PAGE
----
In today’s electronic world, more and more of what we do, say, and think is moving online. From social media to e-mails and blogs, there has never been more information about us online – and whilst this may have its advantages, it also means that we are more prone than ever before to attacks by hackers and cyber-criminals.
When the phone rang one afternoon in February, Steve – a 39 year-old copywriter from Worcestershire – was mildly irritated to be interrupted by yet another overseas sales call. The distant voice at the other end of the phone line, however, identified itself as calling from the NatWest fraud department. The bank, it reported, had been contacted by the police to say that an attempt had been made to use Steve’s debit card in the United States, at a hotel bar late one evening. Given that the card had never been used before outside England, the transaction had been automatically declined.
Even on a modern, super-fast computer, the demands of Windows can put a lot of stress on a computer’s hard disk drive, slowing down performance. Most computers have a hard drive activity light located somewhere on the case front, and if that’s always lit up, it is a good indication that your hard drive is doing too much of the work, making your programs and the system wait for it and preventing you from using the computer at its full power.
You don’t always have to call in the special forces for a minor problem. There are a number of things you can do to fix what might be heart-stopping PC problems, so don’t panic when things start to go wrong.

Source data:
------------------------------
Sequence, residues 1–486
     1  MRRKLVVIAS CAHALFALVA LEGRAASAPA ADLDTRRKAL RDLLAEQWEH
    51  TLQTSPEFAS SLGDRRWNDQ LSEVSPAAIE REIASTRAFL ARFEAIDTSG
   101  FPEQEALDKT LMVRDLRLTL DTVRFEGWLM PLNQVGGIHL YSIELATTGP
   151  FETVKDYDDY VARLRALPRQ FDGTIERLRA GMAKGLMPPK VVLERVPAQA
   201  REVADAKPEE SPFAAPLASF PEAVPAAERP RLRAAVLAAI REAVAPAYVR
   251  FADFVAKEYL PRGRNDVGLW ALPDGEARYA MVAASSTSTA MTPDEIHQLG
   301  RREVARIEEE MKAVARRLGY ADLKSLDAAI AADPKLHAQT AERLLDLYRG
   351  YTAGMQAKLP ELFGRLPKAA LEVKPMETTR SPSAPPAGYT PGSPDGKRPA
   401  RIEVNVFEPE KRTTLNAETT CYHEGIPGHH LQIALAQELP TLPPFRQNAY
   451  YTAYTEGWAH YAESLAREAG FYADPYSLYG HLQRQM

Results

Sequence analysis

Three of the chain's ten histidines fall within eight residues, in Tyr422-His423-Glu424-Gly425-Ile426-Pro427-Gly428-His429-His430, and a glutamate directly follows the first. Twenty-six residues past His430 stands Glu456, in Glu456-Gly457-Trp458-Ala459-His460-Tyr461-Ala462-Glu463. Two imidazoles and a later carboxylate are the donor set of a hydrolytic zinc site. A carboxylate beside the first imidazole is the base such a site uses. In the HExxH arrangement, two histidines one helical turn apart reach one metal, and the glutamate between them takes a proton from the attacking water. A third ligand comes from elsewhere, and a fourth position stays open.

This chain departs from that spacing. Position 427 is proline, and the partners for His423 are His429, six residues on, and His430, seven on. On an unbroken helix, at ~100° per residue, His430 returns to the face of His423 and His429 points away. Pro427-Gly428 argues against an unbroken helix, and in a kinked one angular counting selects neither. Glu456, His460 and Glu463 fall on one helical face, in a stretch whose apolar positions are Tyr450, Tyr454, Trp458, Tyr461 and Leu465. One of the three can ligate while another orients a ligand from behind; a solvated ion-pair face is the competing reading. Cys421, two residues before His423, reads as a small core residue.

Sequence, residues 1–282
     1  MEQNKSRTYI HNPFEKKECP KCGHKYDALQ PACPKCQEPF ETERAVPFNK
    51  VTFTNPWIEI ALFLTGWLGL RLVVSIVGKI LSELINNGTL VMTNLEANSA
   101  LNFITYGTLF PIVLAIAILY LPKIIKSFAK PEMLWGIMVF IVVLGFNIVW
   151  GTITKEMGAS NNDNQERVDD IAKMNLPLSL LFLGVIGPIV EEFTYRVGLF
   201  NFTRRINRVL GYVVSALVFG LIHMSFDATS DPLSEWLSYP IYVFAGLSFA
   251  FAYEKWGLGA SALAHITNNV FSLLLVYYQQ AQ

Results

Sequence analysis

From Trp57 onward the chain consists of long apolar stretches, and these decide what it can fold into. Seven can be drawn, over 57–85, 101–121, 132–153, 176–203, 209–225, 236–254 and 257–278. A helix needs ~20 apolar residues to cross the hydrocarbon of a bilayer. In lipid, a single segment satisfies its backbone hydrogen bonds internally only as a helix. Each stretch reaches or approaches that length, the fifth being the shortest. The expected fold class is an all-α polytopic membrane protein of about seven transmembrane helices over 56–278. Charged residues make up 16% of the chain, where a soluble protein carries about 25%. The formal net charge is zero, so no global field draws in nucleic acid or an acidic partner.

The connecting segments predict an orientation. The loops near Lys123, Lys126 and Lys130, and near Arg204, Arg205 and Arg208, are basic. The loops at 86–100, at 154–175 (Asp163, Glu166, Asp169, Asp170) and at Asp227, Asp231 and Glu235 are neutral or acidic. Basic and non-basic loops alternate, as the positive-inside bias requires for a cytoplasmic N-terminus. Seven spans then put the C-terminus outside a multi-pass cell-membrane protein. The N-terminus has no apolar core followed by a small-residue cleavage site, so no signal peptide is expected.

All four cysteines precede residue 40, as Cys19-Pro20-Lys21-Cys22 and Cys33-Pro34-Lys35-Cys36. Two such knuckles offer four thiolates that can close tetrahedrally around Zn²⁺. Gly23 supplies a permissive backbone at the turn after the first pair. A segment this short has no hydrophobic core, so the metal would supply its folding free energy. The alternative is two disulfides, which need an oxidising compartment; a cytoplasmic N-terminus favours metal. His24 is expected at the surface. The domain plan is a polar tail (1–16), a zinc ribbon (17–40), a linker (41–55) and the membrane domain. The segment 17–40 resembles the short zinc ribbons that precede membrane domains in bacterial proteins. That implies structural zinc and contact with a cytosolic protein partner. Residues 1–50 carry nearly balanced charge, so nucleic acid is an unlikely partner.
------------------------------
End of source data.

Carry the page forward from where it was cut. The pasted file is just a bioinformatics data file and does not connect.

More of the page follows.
Of course, none of us like seeing the Blue Screen of Death, which sounds far more ominous than it really is – it’s just an error message, after all. It also can be a major headache when a program we need right now keeps crashing just as a deadline is approaching. Keep calm, though, and you’ll be able to fix most minor home computing problems yourself.
We get many upgrade requests from our customers, but one of the more common in recent years is to upgrade their hard drive to a solid state drive (SSD) model. The benefits of these new generation of drives include silent operation, as the SSD drive is just a collection of memory chips with no moving parts. That also means it is more resilient to knocks and bumps than traditional hard disk drives (HDD), which use moving heads and spinning platters – not a great combination in a portable notebook, prone to being banged around.
Many users are happy with their home computing experience, until they read an article about overclocking, and realise they can make their computer run a little, or a lot faster. For many, this is just a point of interest, or getting more value for your money, while for others it becomes a hobby or obsession. Years ago, it was quite a rebellious thing to be doing, as the processor makers didn’t want their parts running too fast or too hot. Now, they all provide official apps to make it a safe trick to perform.
Whether you’ve exhausted all options for repairing your old computer or you just fancy an upgrade, the choice of replacements out there can be daunting. For home computing, your list of requirements probably isn’t long, but it’s all too easy to get sucked into buying something more expensive than you need with a sales assistant breathing down your neck.